• If not the above then, where in the Executive Branch did this change actually originate and was it approved by the POTUS in a presidential directive?  (The POTUS must have been involved somewhere, but its inclusion might have been hidden in routine operations.)
  • Does the law, as written, actually allow such Executive Branch revisions?  (Congress ultimately at fault.)
  • Was there no comment period and did any retired senior lobby (AARP especially) complain about this change?

Clearly, if transparency and simplicity is supposed to be a governmental goal, the existing tax code is inadequate.

Federal government pay has been a subject of contention ever since the Federal government has been paying employees.  Many private employees and employers believe that government workers are overpaid while the government workers, themselves, believe the opposite.  A liberal reading of the U.S. Constitution will only affirm that its elected officials, appointees and required staff will be paid.  Clearly, its authors did not believe that a fixed pay schedule would stand the test of time.  The views here can range between ‘bureaucratic personnel are overpaid’ and ‘Confucianism’.

Social Security and Medicare certainly need revision since our country’s demographics do not elicit any confidence that these programs will pay for themselves in the far foreseeable future.  These programs are exceedingly well-liked by U.S. citizens and reform will be exceedingly difficult, but something must be done.

And finally, non-profits need more definitional scrutiny since they are often used as methods for circumventing established laws and/or beliefs of accountability by government and, private individuals and organizations.  Witness today’s concern about super PAC’s.

September 12, 2012

On Attacking Embassies

Filed under: Foreign Policy, International Law — Tags: — Ron Toczek @ 1:44 pm

This morning, September 12, 2012, Americans were greeted with the news that our embassies in both Egypt and Libya were attacked by citizens of those countries resulting in our Libyan ambassador with three other American citizens being assassinated–a totally unacceptable breach of international law.  While Mr. Obama’s speech appropriately extended consolation to the families of the victims it did nothing to address the seriousness of the attacks nor any possible actions that we would take.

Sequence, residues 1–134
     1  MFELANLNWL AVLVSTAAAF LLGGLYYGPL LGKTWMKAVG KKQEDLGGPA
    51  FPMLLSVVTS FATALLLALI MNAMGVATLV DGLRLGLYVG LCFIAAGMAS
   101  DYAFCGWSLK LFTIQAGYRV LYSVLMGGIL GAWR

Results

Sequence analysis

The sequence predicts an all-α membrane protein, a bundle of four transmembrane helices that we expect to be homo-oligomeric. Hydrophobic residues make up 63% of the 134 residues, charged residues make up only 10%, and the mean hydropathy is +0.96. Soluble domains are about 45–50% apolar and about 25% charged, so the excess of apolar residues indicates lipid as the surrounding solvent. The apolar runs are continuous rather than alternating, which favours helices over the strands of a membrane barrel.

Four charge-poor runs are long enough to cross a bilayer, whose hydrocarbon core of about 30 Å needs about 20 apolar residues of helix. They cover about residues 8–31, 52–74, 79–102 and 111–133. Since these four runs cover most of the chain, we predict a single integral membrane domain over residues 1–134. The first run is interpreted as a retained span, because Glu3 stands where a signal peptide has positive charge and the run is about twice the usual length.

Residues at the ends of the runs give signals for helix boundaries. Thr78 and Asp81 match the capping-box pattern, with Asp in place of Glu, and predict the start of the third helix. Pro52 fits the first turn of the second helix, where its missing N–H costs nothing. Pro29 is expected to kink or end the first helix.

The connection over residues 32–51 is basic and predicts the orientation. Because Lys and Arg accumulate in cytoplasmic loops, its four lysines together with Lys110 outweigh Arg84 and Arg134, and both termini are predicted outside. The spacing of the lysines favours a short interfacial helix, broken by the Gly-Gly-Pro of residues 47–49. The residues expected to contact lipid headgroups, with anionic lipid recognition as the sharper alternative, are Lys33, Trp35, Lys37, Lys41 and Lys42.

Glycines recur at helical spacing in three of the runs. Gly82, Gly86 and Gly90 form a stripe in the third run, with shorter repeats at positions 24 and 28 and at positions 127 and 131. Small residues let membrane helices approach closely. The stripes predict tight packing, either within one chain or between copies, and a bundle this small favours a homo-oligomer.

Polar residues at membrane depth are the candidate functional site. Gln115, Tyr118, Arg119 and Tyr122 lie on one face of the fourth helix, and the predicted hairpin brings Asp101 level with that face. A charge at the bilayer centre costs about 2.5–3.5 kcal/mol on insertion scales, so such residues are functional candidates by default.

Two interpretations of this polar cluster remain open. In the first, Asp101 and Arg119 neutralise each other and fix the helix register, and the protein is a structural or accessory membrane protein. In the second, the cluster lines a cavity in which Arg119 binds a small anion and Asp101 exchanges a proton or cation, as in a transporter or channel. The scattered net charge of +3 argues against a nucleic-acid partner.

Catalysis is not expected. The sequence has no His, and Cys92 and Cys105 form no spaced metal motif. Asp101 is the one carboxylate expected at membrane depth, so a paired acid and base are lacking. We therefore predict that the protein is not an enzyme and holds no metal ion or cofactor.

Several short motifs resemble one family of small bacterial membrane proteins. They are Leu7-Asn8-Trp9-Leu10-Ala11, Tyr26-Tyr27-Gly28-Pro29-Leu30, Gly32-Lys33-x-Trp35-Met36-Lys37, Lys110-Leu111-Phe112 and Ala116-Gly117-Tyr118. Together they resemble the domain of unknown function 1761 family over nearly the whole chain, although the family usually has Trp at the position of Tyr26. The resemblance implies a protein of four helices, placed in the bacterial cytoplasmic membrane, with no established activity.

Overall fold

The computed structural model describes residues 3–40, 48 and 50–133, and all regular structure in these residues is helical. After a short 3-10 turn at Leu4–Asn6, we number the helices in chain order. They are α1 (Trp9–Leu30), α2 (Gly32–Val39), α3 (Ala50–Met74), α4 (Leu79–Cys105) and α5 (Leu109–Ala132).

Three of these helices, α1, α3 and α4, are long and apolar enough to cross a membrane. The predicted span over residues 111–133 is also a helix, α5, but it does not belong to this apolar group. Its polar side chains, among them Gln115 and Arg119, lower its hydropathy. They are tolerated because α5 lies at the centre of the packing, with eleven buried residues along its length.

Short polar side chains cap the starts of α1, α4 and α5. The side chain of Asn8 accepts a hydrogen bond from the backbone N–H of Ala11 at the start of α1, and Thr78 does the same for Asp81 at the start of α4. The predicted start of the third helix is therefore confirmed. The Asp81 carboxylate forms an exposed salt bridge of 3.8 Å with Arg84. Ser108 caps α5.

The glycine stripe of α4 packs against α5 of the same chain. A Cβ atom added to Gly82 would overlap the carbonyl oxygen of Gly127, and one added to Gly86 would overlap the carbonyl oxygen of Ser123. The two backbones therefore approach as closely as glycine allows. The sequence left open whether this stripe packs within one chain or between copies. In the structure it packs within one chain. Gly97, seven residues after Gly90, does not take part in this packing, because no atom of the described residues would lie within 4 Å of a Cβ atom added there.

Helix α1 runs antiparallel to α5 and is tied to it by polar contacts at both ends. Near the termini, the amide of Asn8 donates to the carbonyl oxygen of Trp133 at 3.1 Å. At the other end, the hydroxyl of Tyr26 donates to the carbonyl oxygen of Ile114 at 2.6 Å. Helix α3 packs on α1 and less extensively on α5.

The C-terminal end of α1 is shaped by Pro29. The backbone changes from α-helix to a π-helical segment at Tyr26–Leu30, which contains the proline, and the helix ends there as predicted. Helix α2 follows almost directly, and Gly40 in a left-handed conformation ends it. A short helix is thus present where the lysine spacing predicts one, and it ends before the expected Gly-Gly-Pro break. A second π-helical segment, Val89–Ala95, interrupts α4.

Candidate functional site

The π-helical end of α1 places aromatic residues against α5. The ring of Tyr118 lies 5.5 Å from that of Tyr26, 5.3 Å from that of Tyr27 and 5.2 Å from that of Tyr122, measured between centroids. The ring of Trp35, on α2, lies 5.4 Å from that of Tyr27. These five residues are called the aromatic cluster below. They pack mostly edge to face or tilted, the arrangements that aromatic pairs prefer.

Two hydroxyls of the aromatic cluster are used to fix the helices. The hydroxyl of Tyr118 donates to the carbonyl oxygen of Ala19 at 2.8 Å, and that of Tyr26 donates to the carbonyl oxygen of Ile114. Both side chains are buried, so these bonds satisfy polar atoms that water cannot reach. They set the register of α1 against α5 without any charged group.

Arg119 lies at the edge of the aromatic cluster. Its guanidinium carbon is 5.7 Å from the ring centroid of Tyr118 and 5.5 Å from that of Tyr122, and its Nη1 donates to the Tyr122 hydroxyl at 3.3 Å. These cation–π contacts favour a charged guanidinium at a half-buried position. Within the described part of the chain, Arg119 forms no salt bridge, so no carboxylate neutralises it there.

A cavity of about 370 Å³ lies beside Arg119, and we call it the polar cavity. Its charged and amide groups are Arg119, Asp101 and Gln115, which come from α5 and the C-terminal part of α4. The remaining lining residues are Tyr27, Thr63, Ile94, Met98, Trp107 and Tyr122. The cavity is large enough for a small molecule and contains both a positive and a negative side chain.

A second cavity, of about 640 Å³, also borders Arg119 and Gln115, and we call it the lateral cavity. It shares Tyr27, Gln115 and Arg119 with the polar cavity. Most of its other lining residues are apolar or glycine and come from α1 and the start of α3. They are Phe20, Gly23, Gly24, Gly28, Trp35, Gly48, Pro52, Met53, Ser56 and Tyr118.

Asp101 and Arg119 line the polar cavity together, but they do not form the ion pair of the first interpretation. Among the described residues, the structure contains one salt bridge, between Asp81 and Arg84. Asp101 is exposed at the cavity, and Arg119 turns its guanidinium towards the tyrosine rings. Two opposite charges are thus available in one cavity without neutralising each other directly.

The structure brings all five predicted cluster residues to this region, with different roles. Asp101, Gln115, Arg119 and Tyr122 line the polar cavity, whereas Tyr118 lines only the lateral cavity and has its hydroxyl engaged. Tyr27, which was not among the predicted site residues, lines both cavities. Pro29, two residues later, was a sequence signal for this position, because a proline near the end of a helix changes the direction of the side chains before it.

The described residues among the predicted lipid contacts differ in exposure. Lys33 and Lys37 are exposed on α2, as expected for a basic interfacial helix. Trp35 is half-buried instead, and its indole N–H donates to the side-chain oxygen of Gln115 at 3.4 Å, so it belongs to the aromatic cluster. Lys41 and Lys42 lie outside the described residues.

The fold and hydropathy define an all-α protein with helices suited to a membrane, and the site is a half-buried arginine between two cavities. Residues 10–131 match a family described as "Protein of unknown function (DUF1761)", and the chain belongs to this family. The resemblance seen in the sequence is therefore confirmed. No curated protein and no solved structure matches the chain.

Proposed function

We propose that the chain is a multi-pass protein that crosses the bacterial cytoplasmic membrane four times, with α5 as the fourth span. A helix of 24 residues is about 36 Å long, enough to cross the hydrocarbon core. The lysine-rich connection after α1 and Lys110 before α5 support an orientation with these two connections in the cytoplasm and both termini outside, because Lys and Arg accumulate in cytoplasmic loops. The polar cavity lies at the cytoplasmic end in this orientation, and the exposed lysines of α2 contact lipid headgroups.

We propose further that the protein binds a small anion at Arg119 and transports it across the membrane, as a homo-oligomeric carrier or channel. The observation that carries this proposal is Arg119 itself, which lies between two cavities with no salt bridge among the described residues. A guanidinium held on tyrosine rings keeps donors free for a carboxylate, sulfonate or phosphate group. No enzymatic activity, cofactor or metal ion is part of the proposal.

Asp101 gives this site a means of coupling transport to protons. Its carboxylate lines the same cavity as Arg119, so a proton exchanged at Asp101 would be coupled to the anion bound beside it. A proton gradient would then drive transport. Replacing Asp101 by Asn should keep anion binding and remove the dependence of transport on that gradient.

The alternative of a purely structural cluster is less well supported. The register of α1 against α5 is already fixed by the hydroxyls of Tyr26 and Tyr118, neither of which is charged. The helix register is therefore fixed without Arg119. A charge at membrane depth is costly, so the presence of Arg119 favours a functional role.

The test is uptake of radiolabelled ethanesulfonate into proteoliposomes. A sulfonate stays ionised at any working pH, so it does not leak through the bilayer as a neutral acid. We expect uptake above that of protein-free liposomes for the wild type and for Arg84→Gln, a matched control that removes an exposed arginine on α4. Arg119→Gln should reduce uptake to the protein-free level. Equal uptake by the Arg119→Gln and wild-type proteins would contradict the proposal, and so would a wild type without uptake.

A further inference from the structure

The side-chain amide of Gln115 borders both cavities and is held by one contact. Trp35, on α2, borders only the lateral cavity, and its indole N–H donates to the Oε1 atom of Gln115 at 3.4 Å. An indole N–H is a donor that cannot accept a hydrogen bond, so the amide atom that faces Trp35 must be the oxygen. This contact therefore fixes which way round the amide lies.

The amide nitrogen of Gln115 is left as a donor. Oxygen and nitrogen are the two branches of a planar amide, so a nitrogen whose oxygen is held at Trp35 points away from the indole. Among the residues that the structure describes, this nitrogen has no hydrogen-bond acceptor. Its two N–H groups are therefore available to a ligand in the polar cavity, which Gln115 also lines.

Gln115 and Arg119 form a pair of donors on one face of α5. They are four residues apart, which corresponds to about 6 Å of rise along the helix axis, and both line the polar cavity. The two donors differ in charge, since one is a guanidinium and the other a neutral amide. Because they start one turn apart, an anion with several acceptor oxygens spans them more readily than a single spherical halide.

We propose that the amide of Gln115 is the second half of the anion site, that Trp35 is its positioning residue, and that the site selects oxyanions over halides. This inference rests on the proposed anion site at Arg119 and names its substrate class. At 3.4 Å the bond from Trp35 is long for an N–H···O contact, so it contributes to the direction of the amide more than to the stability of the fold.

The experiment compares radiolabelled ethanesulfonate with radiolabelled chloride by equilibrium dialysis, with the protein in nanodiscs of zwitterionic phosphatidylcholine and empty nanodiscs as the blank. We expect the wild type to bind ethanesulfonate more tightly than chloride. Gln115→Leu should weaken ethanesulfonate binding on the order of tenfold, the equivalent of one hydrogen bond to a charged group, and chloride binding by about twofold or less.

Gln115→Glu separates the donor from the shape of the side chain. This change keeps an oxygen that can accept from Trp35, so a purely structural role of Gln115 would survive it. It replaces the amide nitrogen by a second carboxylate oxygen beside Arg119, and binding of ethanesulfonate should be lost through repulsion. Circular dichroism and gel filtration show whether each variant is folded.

It is my hope that the president will give another speech or speeches very shortly with these views and actions:

  • He states that these actions by the citizens of both Libya and Egypt constitute a declaration of war by these countries–embassies are sovereign territory.
  • He breaks off all diplomatic relations with these two countries and evacuates all American citizens.
  • He stop all foreign aid to the two countries.
  • He impounds all funds of the two countries residing in U.S. banks.
  • He impounds all funds of private citizens of the two countries residing in U.S. banks.
  • He will ask all countries of the world to do the same with such funds.
  • He will ask Congress to give him the authority to confiscate the impounded funds should any other breach of international law be committed by these two countries, definitely including harm to any hostages taken.
  • He states very unequivocally that military action against these two countries will occur until apologies are rendered, hostages are freed and full compensation has been received covering all the inconveniences of victims and their families and all destruction of U.S. and American private property.

I should also hope that all American patriots should ask nothing less from our president.

September 3, 2012

Legal Abortion? Blame Texas

Filed under: Specific rulings of SCOTUS — Tags: , — Ron Toczek @ 2:58 pm

While this topic is old news relative to my posts on abortion, I am repeating my views here because I believe the pro-life people are pursuing the wrong tactic for eliminating abortion, mainly because health of the pregnant woman,rape and incest will always be contentious subjects.  Certainly, person-hood amendments to constitutions would be definitive to protecting new-born life but they cannot totally prevent abortions especially since SCOTUS has defined a right to privacy and Congress has done nothing to prevent SCOTUS from ruling on the topic.